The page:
The images of Levy being forced out of the trunk of a Jeep and into the back seat, blood staining her sweatpants, went viral on Telegram on the day she was kidnapped, just hours after the Hamas invasion began. While some watched the video live, its disturbing images continued to impact many more over the following days and months and were amplified by the many reenactments of her kidnapping.

“The video haunted me,” Dayan admitted. As she walked the street during the reenactment, some Jewish activists followed closely behind, holding banners with alternating images of Naama’s smiling face and a frame from the kidnapping video. The banners bore a powerful message: “Where are you, feminists? Free the hostages.”

The provocative demonstration was planned and executed by the Female Empowerment and Leadership Group (EIF), a branch of São Paulo’s Jewish Federation (Fisesp). It aimed to raise awareness among women’s rights organizations, including UN Women and the MeToo movement, about the plight of Israeli women subjected to abuse, rape and mutilation at the hands of Hamas terrorists on and after October 7.

Those women’s groups and others around the world were accused at the time of failing to adequately address and condemn the sexual violence perpetrated against Israeli women. Since then, more groups have called for accountability for those sexual crimes, albeit months after the fact.

Onlookers in São Paulo were shocked that violent sexual assault could be overlooked by groups that ostensibly exist to assist women, and expressed support for raising awareness of such atrocities.

“Double standards in addressing crimes against women are just unacceptable,” said one visibly shaken woman in her 30s.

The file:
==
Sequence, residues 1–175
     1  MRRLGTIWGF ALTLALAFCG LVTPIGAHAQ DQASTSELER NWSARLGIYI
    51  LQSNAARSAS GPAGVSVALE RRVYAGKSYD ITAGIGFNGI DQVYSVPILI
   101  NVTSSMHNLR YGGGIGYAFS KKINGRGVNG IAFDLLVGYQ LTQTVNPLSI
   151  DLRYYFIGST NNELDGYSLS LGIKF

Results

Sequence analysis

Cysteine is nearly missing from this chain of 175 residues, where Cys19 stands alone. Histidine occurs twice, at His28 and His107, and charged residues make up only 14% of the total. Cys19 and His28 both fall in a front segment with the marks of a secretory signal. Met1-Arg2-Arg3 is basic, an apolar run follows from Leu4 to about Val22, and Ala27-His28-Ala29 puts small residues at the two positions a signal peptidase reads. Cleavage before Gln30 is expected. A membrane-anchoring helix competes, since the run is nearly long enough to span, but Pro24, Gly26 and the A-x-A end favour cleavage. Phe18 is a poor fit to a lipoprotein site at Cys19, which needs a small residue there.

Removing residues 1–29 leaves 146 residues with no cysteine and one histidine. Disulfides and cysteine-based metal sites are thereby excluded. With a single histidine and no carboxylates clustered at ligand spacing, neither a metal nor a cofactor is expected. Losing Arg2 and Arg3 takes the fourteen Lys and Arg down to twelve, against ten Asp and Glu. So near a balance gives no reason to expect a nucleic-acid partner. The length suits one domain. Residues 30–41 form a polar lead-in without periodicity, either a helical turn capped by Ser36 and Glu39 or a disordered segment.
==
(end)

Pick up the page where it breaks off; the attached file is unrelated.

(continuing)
Actress Alessandra Dayan is pulled through the streets of Sao Paulo, Brazil, in a graphic reenactment of the real-life abduction of Naama Levy by Hamas terrorists, November 30, 2023. (Abner Palma/Fisesp)

The reenactment managed to provoke reactions from an audience typically detached from political issues — one of Fisesp and EIF’s primary goals.

Representing the largest Jewish community in Brazil and one of the largest in Latin America, Fisesp is deeply concerned about recent antisemitic demonstrations led by elements within the country’s radical left. It is troubled by individuals who have in the past been vocal in advocating against abuse and violence toward women, but who now appear to condemn Israel’s military operation while ignoring the documented reports of women suffering sexual abuse and violence at the hands of Hamas on and after October 7.

Deborah Chammah of the Brazilian branch of the NGO StandWithUs voiced concerns about what she termed “selective feminism” and urged inclusive support for all women affected by such violence. “Jewish women’s lives matter too,” she said.

“The world is silent,” lamented Miriam Vasserman, an EIF director. “Feminist organizations have not uttered a single word of support.”

“We cannot afford to remain silent,” said Vasserman. “Every woman can empathize with the young girls whose lives have been torn apart. These distressing incidents are largely documented and filmed for all to see.”

“We refuse to accept this,” she said.